more skilled in the arts of interception. In the circumstances, Bruno, I do not think it prudent that you should be seen so much with Sidney,’ he adds. ‘Now that he is so publicly tied to me. Castelnau must not doubt your loyalty to France for a moment.’ Even through the dark, my face must betray my disappointment; Sidney is the only person I truly consider a friend in England. We had first met years ago in Padua, when I was fleeing through Italy, and renewed our friendship in the spring, when we had travelled to Oxford together on Walsingham’s business. The adventures we shared there had only served to bring us closer. Without his company, I will feel my state of exile all the more keenly. ‘But I have found you another contact. A Scotsman named William Fowler – you will meet him in due course. He is a lawyer who has worked for me in France, so you will have plenty to talk about.’ ‘You would trust a lawyer, your honour?’ ‘You look amused, Bruno. Lawyers, philosophers, priests, soldiers, merchants – there is no one I will not make use of. Fowler is well connected in Scotland, both among our friends and those loyal to the Scottish queen, who believe he is a friend to their cause. He has also insinuated himself with Castelnau, who believes Fowler to be a secret Catholic unhappy with Her Majesty’s government. He has the knack of making himself all things to all men if necessity demands. Fowler is well placed to convey your reports from inside the embassy without you compromising your position.’ He pauses and lifts his head; strains of music and laughter drift faintly towards the house and he seems to remember the occasion. ‘For now, this is all. Come – we should be merry today. You must rejoin the dance.’ We turn to face the lit windows across the lawn, his hand lightly on my back. Out here, so far from the City, clean 19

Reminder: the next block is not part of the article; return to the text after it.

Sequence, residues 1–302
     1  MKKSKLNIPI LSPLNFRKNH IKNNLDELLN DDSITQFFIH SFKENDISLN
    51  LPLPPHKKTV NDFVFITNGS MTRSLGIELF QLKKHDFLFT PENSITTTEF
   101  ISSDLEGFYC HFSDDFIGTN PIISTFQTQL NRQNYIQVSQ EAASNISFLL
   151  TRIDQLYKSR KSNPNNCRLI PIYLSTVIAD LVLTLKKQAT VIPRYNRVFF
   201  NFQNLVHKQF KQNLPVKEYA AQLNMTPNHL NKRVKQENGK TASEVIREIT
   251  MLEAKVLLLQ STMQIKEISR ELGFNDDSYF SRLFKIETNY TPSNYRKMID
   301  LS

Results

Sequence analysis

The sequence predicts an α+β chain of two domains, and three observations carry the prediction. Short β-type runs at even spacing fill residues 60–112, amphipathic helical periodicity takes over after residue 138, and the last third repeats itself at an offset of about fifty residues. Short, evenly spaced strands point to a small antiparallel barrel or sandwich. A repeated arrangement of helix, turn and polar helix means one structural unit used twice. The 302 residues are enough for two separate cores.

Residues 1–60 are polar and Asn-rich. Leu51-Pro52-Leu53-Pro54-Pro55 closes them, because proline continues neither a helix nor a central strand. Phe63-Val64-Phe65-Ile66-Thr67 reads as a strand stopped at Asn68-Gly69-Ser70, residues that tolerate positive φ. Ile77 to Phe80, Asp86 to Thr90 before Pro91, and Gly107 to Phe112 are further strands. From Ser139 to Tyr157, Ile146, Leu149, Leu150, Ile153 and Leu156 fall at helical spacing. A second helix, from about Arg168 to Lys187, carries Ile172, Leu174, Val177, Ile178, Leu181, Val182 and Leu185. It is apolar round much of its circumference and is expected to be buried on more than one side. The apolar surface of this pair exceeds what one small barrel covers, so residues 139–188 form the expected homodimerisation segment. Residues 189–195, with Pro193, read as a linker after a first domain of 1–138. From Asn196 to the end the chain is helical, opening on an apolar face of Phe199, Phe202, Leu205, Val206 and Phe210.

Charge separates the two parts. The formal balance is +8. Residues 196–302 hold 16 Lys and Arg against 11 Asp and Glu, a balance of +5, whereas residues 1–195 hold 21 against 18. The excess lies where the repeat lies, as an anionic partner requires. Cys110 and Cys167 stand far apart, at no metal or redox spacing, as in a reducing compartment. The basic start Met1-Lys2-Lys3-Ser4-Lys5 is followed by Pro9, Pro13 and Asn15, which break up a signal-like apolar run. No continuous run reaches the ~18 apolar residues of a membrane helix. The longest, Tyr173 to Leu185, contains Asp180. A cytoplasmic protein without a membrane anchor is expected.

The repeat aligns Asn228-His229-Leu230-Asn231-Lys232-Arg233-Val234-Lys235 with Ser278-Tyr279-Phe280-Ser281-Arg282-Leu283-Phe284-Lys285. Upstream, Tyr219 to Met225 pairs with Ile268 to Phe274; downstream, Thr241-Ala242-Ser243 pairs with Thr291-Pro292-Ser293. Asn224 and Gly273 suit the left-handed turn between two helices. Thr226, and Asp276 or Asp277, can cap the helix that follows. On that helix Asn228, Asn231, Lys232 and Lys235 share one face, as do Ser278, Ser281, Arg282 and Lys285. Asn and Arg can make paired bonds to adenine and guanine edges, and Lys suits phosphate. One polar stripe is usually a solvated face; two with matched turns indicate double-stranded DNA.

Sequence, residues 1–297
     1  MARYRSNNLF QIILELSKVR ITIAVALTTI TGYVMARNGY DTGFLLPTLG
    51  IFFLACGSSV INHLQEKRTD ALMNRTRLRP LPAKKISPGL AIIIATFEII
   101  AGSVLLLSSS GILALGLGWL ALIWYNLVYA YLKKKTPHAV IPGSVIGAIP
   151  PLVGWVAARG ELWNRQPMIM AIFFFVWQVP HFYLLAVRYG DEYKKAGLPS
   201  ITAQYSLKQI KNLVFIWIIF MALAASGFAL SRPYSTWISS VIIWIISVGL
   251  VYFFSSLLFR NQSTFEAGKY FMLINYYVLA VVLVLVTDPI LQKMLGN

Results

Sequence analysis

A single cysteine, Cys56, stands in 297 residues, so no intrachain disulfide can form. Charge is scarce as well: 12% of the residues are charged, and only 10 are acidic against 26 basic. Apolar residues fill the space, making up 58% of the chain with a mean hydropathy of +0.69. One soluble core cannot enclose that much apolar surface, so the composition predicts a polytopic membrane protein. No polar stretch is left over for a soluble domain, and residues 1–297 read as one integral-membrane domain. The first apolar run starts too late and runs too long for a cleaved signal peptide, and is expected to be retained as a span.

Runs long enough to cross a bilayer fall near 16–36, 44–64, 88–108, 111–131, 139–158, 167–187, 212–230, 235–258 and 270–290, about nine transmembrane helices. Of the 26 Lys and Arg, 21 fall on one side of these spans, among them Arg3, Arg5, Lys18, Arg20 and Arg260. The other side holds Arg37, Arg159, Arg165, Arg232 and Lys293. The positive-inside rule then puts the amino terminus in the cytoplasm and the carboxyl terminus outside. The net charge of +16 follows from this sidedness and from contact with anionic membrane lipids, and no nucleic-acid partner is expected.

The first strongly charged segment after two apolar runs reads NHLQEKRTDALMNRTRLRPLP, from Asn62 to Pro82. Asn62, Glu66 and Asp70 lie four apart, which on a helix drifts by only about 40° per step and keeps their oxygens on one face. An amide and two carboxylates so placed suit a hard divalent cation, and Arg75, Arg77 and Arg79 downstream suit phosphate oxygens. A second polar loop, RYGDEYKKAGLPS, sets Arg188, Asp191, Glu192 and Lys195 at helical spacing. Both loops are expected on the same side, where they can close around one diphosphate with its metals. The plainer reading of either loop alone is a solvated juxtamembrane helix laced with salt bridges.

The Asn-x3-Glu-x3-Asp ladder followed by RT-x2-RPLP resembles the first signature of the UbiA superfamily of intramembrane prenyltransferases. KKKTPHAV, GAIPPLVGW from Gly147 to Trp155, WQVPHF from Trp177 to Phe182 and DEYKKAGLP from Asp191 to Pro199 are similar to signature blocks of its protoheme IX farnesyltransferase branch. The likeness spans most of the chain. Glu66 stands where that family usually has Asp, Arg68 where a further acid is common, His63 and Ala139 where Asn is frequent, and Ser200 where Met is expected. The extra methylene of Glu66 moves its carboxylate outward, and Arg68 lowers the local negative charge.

night scents of earth, grass and frost carry to us on the breeze. Even the Thames, running its sluggish course beyond the line of the trees behind us, smells fresh here, so far to the west of London. We are only a mile from Dee’s house; I am surprised that he has not been invited. He is, after all, Sidney’s old tutor and a friend of sorts to Walsingham. As if reading my thoughts, the Principal Secretary says, casually, ‘You are spending a good deal of time in Mortlake lately, I hear?’ It is not really a question. ‘I am writing a book,’ I explain, as we begin to move slowly together in the direction of the music. ‘Doctor Dee’s library has been invaluable.’ ‘What manner of book?’ ‘Of philosophy. And cosmology.’ ‘A defence of your beloved Copernicus, then.’ ‘Something like that.’ I did not want to say too much about the book I was working on until it was completed. The ideas I was attempting to put forward were not just controversial but revolutionary, far beyond the theories that Copernicus had proposed. I wanted at least to have written it before I was obliged to defend it. ‘Hm.’ A heavy silence. ‘Be wary of John Dee, Bruno.’ ‘I thought he was your honour’s friend?’ ‘Up to a point. In matters of cartography, or ciphers, or the reformation of the calendar, there is no one in the kingdom whose knowledge I prize higher. But lately his talk runs much on prophecies and omens.’ ‘He believes we are living in the end times.’ ‘We are living in times of unprecedented turbulence, that much is certain,’ he replies brusquely. ‘But Her Majesty has enough to fear without Dee whispering these apocalyptic forecasts in her ear because he wants to make himself indispensable to her. As do we all, I suppose, in our way,’ he 20